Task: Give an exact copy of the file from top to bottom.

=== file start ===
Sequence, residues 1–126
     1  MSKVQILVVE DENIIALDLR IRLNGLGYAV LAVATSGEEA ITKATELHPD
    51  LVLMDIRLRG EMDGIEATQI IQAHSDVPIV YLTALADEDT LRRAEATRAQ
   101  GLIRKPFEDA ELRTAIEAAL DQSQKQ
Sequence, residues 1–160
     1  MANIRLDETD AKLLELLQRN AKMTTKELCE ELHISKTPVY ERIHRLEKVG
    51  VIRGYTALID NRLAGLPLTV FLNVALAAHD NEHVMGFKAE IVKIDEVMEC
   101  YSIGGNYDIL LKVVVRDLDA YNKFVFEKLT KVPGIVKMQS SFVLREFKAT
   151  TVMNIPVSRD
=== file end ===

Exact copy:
Sequence, residues 1–126
     1  MSKVQILVVE DENIIALDLR IRLNGLGYAV LAVATSGEEA ITKATELHPD
    51  LVLMDIRLRG EMDGIEATQI IQAHSDVPIV YLTALADEDT LRRAEATRAQ
   101  GLIRKPFEDA ELRTAIEAAL DQSQKQ
Sequence, residues 1–160
     1  MANIRLDETD AKLLELLQRN AKMTTKELCE ELHISKTPVY ERIHRLEKVG
    51  VIRGYTALID NRLAGLPLTV FLNVALAAHD NEHVMGFKAE IVKIDEVMEC
   101  YSIGGNYDIL LKVVVRDLDA YNKFVFEKLT KVPGIVKMQS SFVLREFKAT
   151  TVMNIPVSRD